DeSantis’ descent in the polls through the second half of 2023 showed the limitations of that approach. No matter how hard he championed the latest wave of conservative cultural causes, and no matter how vehemently he claimed that conservatives could not fully trust Trump, DeSantis made little progress at eroding Trump’s base. “He was very focused on these weird niche issues that may play on conservative Twitter but don’t play with regular Republican voters,” said Alex Stroman, a former executive director of the South Carolina Republican Party who’s supporting Haley.

But by positioning himself so far to the right, DeSantis simultaneously alienated many of the voters in the center of the GOP coalition most open to a Trump alternative. Unable to draw enough conservatives from Trump, and unacceptable to too many centrists, DeSantis was left with too narrow a coalition to truly threaten the front-runner. The entrance poll at the Iowa caucuses last week conducted by Edison Research for a consortium of media organizations including CNN measured that failure. Among the nearly half of Iowa voters who identified as part of Trump’s MAGA movement, DeSantis attracted just 11% – a testament to his inability to break into the former president’s base. But DeSantis also won only 30% of the voters who did not identify with the MAGA movement, finishing behind Haley. That testified to DeSantis’ retreat among the voters most open to replacing Trump.

DeSantis drew plenty of criticism for his performance on the campaign trail and in debates, but noticeably improved as the race went on. As the Iowa results demonstrated, the problem that doomed his campaign was not so much one of execution but of conception. His theory that he could peel away a meaningful number of previous Trump voters simply proved wrong.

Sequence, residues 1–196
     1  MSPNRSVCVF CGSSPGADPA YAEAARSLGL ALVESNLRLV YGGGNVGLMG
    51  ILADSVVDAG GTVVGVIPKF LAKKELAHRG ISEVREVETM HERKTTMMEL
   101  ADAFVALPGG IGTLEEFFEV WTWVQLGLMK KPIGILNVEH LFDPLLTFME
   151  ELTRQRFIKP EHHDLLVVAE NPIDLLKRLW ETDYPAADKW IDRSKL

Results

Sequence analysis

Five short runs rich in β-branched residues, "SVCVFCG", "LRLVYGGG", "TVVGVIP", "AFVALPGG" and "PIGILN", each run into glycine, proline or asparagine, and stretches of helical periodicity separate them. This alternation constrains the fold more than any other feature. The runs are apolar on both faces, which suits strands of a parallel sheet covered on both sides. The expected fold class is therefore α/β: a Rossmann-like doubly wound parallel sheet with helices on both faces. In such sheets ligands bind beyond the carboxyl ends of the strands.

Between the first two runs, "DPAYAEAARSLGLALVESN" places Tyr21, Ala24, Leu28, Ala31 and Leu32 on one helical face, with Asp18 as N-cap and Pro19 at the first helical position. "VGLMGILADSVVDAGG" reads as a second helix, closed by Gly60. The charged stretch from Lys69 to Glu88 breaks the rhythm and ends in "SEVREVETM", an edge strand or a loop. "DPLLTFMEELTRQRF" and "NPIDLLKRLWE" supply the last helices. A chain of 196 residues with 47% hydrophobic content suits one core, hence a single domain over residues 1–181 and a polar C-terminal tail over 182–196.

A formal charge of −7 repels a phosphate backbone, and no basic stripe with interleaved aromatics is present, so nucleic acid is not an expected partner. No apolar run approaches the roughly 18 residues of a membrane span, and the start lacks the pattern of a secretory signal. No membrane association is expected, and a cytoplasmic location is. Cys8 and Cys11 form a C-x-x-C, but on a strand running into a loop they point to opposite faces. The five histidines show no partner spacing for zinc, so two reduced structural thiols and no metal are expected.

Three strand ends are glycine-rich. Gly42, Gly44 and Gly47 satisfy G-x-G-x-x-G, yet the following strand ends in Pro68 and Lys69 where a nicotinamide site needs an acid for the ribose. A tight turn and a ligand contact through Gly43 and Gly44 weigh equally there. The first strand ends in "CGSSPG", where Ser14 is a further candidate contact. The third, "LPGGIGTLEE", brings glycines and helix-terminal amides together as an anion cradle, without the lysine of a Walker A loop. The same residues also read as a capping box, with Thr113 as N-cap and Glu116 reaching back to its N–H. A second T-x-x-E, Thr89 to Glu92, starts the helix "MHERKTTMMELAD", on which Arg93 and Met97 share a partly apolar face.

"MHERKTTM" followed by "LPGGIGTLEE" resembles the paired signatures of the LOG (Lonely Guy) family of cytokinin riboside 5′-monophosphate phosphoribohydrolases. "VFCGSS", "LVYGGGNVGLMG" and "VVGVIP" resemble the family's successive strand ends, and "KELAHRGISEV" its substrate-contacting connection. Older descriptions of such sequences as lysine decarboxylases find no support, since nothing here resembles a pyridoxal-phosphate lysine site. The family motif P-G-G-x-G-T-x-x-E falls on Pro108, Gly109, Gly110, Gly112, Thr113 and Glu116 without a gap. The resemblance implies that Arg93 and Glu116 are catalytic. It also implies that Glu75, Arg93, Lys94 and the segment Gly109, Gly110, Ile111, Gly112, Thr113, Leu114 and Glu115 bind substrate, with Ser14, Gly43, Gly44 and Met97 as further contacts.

“DeSantis had the opportunity in the beginning … and he made a strategic mistake,” said longtime GOP strategist Scott Reed, who served as the campaign manager in Bob Dole’s 1996 presidential campaign. “He tried to out-Trump Trump. Instead of trying to be his own guy based on his success in Florida and taking that nationally. He is going to go down as the John Connally of this cycle.” That was a reference to the highly touted former Texas governor who raised what were enormous sums for the time in the 1980 Republican presidential race and then flamed out while winning only a single delegate.

Haley’s camp has never publicly articulated a theory about how to beat Trump as definitive as that put forward by DeSantis. Her initial opening in the race derived from DeSantis’ choice to run so resolutely to Trump’s right. That left a vacuum among the segments of the GOP coalition most consistently dubious of Trump – especially moderates, college-educated suburbanites, and Republican-leaning independents.

Haley emerged as the choice for many of those voters through her strong performances in the early Republican debates, especially her skilled and contemptuous takedowns of entrepreneur Vivek Ramaswamy, who was running as virtually a Trump surrogate. But Haley has struggled to find a clear message that would allow her to reach much beyond that base – which is not big enough to win – or even to maximize her support within it.